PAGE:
The Sri Sri Radha Radhanath Temple (Hare Krishna Temple) places the bustling suburb of Chatsworth on the map as a tourist destination. Situated approximately 20km south of the Durban City Centre, its three domes of white and gold rises above a dazzling octagonal roof. The temple has been acclaimed as an architectural masterpiece – a spiritual wonderland. Although, designed and constructed in the 1980’s, its design is a combination of the traditional, contemporary and futuristic; and simultaneously a fusion of concepts showcasing “east meets west”. The ancient “vastu purusha mandala” formula is imbibed in its geometrical lay-out with shapes such as circles, triangles, squares and octagons, holding great spiritual symbolism and philosophical meaning enhanced by its unique setting in the midst of a moat of water and water features, surrounded by a sprawling luscious lotus shaped garden.
In 1975 His Divine Grace A. C. Bhaktivedanta Swami Prabhupada, the founder acharya of the International Society for Krishna Consciousness (ISKCON), on his only visit to South Africa, instructed his disciples to build a temple. Taking this instruction seriously, a dedicated team of devotees worked tirelessly and in the face of many formidable challenges, including the reigning government’s apartheid policies. With a deep desire to fulfil their spiritual master’s order, the devotees persevered and sought out the best materials for use in the construction. Marble tiles where shipped in from Portugal and oak wood from Japan. Devotees formed their own construction company and used their talents and expertise to make the design a reality, engaging in every aspect of construction – from excavation, brick-laying, plastering, tiling, painting to mirror work, intricate carvings and gold-leafing. A team of devotees crossed the length and breadth of South Africa to collect funds for the construction. Finally, the resilient team were successful when the doors of the Hare Krishna Temple were officially opened to the public on the weekend of 18-20 October 1985.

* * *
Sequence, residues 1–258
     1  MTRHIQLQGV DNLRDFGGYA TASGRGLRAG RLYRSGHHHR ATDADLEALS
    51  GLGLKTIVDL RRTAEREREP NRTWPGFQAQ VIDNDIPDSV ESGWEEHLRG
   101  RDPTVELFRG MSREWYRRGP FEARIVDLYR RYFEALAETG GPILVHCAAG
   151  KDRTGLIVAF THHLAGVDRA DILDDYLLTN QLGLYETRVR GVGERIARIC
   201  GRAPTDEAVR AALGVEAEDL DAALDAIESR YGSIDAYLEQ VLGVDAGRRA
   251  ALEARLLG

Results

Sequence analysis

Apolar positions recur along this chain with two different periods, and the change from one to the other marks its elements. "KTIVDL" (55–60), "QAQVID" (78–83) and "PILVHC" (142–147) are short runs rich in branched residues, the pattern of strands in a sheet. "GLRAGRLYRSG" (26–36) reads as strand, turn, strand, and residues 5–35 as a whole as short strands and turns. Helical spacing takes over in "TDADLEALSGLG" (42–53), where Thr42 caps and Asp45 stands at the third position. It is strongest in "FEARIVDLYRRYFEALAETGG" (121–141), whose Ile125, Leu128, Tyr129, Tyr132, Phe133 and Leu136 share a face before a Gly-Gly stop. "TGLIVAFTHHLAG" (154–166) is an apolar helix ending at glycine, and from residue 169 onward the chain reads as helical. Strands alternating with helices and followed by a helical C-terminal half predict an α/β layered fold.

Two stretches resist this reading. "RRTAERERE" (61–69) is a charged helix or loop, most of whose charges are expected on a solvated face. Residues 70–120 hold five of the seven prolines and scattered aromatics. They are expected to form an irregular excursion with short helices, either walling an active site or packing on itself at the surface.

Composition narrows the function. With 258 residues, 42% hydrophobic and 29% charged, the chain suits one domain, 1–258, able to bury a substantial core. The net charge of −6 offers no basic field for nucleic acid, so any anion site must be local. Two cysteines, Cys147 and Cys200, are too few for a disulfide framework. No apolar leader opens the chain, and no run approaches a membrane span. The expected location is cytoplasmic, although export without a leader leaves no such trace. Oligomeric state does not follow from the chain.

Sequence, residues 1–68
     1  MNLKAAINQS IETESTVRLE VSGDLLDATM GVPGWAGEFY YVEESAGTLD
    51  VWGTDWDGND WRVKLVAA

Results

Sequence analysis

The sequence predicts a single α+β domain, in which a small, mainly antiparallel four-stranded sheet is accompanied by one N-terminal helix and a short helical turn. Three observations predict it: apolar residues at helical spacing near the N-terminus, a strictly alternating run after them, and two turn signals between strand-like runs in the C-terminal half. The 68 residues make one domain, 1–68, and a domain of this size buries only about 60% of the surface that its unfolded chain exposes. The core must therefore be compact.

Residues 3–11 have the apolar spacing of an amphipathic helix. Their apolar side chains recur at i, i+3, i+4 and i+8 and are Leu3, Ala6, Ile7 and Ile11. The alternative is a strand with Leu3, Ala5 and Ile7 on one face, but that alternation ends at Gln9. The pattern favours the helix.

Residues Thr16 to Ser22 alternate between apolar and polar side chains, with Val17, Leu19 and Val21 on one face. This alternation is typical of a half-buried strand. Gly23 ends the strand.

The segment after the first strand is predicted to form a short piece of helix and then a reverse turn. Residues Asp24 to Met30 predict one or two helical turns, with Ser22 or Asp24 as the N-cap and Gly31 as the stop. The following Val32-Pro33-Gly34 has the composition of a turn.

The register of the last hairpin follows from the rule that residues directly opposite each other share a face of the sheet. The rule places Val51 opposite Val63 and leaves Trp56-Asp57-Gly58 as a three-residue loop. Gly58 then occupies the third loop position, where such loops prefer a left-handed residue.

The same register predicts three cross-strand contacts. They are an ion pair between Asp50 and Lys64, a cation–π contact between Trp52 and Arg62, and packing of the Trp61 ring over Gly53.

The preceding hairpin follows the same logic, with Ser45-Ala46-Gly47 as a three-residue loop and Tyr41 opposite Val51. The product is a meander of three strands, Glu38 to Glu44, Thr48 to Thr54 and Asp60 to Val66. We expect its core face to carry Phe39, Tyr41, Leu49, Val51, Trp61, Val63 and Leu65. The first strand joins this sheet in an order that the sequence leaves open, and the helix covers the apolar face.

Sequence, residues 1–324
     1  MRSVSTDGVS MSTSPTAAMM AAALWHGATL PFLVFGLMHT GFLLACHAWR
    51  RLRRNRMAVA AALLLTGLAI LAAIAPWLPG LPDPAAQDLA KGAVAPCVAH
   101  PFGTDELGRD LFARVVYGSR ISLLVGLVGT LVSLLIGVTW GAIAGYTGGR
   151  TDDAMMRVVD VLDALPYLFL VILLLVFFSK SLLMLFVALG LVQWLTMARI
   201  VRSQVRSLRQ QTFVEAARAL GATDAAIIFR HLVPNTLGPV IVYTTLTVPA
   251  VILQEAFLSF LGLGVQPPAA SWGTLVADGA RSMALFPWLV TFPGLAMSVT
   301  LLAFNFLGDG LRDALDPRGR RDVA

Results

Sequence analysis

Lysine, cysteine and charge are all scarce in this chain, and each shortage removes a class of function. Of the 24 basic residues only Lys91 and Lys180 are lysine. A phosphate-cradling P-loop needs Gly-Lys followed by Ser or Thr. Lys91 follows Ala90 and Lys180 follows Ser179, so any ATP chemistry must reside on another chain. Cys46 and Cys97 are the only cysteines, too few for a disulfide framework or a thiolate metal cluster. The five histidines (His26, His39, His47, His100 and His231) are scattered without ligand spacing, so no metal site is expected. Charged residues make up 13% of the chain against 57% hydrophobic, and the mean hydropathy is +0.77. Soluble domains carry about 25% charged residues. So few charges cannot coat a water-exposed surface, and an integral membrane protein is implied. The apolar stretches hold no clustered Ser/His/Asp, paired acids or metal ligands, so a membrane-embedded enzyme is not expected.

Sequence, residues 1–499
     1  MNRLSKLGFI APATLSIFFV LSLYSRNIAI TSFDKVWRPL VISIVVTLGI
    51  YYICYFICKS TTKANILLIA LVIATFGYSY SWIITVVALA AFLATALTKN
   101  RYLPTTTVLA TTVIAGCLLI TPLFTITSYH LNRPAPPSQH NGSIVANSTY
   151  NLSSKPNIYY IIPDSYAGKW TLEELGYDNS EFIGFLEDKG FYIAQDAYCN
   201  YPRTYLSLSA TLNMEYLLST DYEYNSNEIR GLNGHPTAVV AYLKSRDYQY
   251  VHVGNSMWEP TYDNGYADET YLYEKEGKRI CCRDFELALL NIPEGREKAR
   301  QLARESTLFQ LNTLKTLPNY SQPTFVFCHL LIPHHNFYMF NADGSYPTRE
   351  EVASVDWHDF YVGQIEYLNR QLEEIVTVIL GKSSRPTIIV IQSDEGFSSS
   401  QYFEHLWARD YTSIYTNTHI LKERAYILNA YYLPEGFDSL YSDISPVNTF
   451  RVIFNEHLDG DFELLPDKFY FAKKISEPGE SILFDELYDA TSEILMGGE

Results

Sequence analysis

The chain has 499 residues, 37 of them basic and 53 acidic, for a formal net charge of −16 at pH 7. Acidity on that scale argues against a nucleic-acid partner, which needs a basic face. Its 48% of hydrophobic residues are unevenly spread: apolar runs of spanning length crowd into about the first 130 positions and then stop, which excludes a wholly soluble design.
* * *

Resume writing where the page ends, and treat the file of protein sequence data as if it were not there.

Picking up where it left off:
This temple has earned the reputation of being the most beautiful on the African continent. The Sri Sri Radhanatha Temple remains a spiritual oasis, a retreat for those wanting to understand their purpose in life, a sanctuary from material chaos and a haven to society. Since its opening over 2.5 million guests have passed through its doors. It has also become renowned for the sumptuous vegetarian meals served at the ground floor, Govinda’s restaurant and take-away.
The Temple worship commences at 4.30am every morning and ends at 8.45pm nightly. There are six arati ceremonies and offerings presented to the presiding deities, Their Lordships Sri Sri Radha Radhanath, Sri Caitanya Mahaprabhu and Giriraj Govardhan each day. Every Sunday afternoon, commencing at 4pm a special programme is held consisting of arati, guru-puja, a discourse from Bhagavad-gita As It Is, questions and answers, cultural entertainment followed by a traditional ISKCON love feast. Entrance is open to all and admission is free to the temple and all festivals.